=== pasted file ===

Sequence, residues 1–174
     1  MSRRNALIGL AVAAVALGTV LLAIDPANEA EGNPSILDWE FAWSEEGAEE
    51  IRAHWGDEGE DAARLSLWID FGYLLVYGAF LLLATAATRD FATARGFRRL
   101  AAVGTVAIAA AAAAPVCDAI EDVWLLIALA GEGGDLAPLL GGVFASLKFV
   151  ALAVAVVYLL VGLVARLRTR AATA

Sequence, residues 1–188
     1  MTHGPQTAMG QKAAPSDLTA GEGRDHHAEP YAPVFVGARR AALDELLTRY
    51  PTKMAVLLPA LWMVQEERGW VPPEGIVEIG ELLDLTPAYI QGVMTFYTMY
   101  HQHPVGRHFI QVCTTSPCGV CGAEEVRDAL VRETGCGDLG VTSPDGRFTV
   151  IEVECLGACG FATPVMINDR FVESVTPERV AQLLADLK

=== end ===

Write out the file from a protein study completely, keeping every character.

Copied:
Sequence, residues 1–174
     1  MSRRNALIGL AVAAVALGTV LLAIDPANEA EGNPSILDWE FAWSEEGAEE
    51  IRAHWGDEGE DAARLSLWID FGYLLVYGAF LLLATAATRD FATARGFRRL
   101  AAVGTVAIAA AAAAPVCDAI EDVWLLIALA GEGGDLAPLL GGVFASLKFV
   151  ALAVAVVYLL VGLVARLRTR AATA

Sequence, residues 1–188
     1  MTHGPQTAMG QKAAPSDLTA GEGRDHHAEP YAPVFVGARR AALDELLTRY
    51  PTKMAVLLPA LWMVQEERGW VPPEGIVEIG ELLDLTPAYI QGVMTFYTMY
   101  HQHPVGRHFI QVCTTSPCGV CGAEEVRDAL VRETGCGDLG VTSPDGRFTV
   151  IEVECLGACG FATPVMINDR FVESVTPERV AQLLADLK